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Ebene, Niveau, and Aus­maß — all these three words could be translated to English as a Level.

When and which word should I choose when I have to use the word Level in German?

English examples:

  • There is an agreement at the international level.
  • According to your level of competence...
  • The integration level between the EU members...

Could someone explain the application practice.

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  • 3
    Have you tried to look them up in the opposite direction (German → English)? There you would find additional meanings. Jun 7 '20 at 16:38
  • @amadeusamadeus, yeap, I've checked at Pons, there one can see dozens of examples, I would like to see more common samples from a real-life.
    – Mike
    Jun 7 '20 at 16:46
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    @MikeB. And I would like to see your examples where you could use level in English, and maybe another term in English that would fit in that specific example much more "natural". So it would become possible to show the distinction between one and the other level. Jun 8 '20 at 5:37
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    @ShegitBrahm, done, the question has been updated.
    – Mike
    Jun 8 '20 at 6:10
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    And what nobody has mentioned so far: you can just use Level in many cases. It's a common enough loanword with quite the same connotations as the Enlish usages for "extent", "degree", or sometimes "elevation". Jun 8 '20 at 6:38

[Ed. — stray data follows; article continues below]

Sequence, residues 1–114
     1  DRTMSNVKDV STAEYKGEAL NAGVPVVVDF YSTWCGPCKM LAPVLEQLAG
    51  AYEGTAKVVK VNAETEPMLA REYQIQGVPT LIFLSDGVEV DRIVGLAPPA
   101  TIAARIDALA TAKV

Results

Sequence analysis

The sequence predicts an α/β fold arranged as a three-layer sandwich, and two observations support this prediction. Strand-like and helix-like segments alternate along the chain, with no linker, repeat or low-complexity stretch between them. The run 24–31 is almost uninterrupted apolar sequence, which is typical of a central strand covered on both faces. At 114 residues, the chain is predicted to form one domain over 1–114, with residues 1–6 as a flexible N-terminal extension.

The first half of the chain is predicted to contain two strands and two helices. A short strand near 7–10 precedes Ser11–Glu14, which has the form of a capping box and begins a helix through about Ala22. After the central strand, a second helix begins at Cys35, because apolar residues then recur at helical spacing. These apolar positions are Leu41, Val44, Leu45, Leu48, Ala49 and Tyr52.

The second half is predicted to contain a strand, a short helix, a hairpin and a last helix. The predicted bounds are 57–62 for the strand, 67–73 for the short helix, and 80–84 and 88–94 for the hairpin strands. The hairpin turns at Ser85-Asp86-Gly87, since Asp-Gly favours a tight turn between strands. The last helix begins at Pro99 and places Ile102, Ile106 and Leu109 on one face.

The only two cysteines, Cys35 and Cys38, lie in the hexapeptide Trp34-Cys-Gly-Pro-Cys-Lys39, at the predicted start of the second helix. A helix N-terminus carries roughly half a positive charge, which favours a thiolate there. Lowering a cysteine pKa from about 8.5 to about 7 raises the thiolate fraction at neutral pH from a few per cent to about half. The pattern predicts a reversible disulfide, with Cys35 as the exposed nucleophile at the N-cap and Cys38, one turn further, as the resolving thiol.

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  • Niveau can mean level (of knowledge, difficulty, wages), but also elevation, hence probably being the accurate translation in most cases
  • Ebene means mostly layer or (the) plains, rarely also floor in bigger buildings. However, level meaning floor should be rather translated Stock(werk)
  • Ausmaß usually means extent
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  • Thanks and what about «There is an agreement at the international level»?
    – Mike
    Jun 7 '20 at 17:00
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    @MikeB. in German there's a layer metaphor for such hierarchical levels, hence auf internationaler Ebene Jun 7 '20 at 17:04
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    "at international level" is "auf internationaler Ebene", Niveau or Ausmaß don't fit. IMHO Ebene means Level in most cases, whereas Layer usually means Schicht.
    – RHa
    Jun 7 '20 at 17:08

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